Billionaire Panthers owner David Tepper wants a new retractable-dome stadium — but not without taxpayer help

Shalise Manza YoungYahoo Sports Contributor
Yahoo Sports

Since buying the Carolina Panthers a year ago, David Tepper has reinvigorated the franchise. He lets the outside world see the inner workings of the team with the Panthers’ appearance on Amazon’s “All or Nothing,” and he spent time before home games last season greeting ticket holders.

Tepper wants to expand the sports and entertainment offerings in Charlotte – but he wants area taxpayers to help.

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Retractable-dome stadium in the next decade?

Carolina Panthers owner David Tepper wants to have a retractable-dome stadium within the next decade. (AP)
Carolina Panthers owner David Tepper wants to have a retractable-dome stadium within the next decade. (AP)

In a feature written by Sports Business Journal’s Ben Fischer, Tepper reveals that he’d like a new, retractable-dome stadium in uptown Charlotte at some point in the next decade.

Tepper sees the facility as not just hosting the Panthers but also the MLS team he’s pushing for, Final Fours, Super Bowls, and frequent concerts.

He won’t do it without taxpayer help. That doesn’t mean he won’t kick in money, but Tepper believes that a building that’s used year-round and the resulting economic impact it would have on the city and region make it an easier sell.

“At some point I would make a big investment if I could get the state and others on board in a new stadium that would be great for soccer and great for football,” Tepper said.

“The economy’s big enough for a revenue tax, a hotel revenue increase that would go a long way to help pay for a new stadium.”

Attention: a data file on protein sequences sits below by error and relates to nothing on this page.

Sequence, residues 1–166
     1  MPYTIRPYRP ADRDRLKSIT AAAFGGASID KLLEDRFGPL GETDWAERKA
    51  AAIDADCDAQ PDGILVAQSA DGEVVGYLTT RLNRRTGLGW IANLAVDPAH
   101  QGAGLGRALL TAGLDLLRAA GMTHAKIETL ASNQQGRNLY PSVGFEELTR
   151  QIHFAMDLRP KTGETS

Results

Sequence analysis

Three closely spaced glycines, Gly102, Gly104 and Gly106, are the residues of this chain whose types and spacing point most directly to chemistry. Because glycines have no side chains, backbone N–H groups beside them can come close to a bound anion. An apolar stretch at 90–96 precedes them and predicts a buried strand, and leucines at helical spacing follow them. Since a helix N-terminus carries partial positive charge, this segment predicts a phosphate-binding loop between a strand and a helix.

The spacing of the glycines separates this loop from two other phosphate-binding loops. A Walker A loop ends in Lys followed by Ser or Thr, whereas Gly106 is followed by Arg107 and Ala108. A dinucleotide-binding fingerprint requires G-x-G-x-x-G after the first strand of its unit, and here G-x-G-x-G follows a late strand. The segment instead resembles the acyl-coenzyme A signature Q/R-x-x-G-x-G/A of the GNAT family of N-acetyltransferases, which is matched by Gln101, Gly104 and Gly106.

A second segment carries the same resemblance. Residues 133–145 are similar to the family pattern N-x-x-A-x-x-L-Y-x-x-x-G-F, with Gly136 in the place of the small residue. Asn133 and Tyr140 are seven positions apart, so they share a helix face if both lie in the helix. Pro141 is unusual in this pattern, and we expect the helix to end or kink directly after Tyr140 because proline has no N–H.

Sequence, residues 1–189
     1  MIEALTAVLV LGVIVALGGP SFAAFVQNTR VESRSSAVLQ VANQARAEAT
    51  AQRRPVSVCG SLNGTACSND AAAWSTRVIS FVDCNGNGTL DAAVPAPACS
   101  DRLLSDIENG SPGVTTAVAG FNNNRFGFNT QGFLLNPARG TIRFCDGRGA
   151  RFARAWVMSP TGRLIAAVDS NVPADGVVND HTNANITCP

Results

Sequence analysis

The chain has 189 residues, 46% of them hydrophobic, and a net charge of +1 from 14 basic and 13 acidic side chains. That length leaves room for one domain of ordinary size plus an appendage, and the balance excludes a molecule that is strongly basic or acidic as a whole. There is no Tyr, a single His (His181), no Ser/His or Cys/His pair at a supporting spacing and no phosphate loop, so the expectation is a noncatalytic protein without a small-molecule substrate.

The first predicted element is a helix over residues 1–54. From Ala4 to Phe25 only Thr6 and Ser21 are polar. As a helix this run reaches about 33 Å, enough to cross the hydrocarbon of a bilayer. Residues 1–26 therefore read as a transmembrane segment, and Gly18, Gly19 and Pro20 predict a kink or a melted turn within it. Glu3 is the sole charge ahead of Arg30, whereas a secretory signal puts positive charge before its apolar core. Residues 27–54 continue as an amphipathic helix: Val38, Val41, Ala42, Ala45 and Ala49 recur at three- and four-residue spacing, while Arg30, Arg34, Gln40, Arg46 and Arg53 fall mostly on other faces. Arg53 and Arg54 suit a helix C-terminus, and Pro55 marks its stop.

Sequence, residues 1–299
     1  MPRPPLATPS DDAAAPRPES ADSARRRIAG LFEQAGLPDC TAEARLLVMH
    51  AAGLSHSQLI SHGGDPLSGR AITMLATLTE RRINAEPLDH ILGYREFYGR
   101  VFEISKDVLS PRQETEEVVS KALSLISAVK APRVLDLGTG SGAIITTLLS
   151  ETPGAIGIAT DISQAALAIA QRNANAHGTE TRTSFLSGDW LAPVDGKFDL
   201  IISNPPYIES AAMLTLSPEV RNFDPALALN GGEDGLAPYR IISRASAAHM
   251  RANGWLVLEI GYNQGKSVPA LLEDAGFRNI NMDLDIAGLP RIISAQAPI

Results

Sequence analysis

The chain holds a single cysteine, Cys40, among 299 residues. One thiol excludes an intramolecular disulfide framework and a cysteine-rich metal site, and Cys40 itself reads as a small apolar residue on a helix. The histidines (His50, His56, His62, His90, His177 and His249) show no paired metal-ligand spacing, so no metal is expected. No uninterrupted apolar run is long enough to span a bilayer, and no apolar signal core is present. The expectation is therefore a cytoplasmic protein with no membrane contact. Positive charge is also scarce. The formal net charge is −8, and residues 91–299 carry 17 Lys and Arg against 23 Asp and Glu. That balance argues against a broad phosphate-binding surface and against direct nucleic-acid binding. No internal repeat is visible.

Tepper paid a record $2.275 billion to buy the Panthers, and is worth an estimated $11.4 billion, making him the wealthiest NFL owner.

Meeting a demand

According to Tepper, there’s a significant unmet demand for sports and other entertainment in Charlotte, and he notes that there isn’t a major league summer sports team, which he wants to provide in the form of the MLS team.

Tepper and his top executive, Tom Glick, are in Orlando, Fla. this week to make their bid to MLS, a 24-team league that will grow to 27 franchises by 2021.

Charlotte has grown by leaps and bounds over the last 15 or so years. In 2005, the city’s population was 641,000; it’s currently around 875,000. The greater metropolitan area has well over 2 million residents.

“People here in Charlotte have to realize: This is a really major, growing, important city, and it needs that sort of presence,” Tepper said. “Charlotte, in my mind, for these two states, should be the sports and entertainment capital. That’s what it’s meant to be.”

To address that need (and also add to his fortune), he is launching Tepper Sports & Entertainment, a holding company that will include all of his sports entertainment and development ventures. Tepper and Glick will run it.

“This state, this region has to realize how great it can be,” Tepper said.

Already got South Carolina on board with tax breaks

Tepper has already gotten South Carolina to agree to tax breaks for him and his team.

In the spring, Tepper told officials in South Carolina that he’d like to move the team’s headquarters to Rock Hill, about 20 miles south of Bank of America Stadium in Charlotte - but he wouldn’t do so without about $120 million in tax breaks.

Though there was opposition from some in the state legislature, it ended up happening, and Tepper got more than he asked for: roughly $115 million in tax discounts for the team and $40 million in road construction divided between federal, state, and local funds to build a new interchange off the highway.

The Panthers want to develop a 200-acre parcel; it would be not just the team’s new home for day-to-day operations, but plans include an orthopedic sports medicine facility and hotel with conference spaces.

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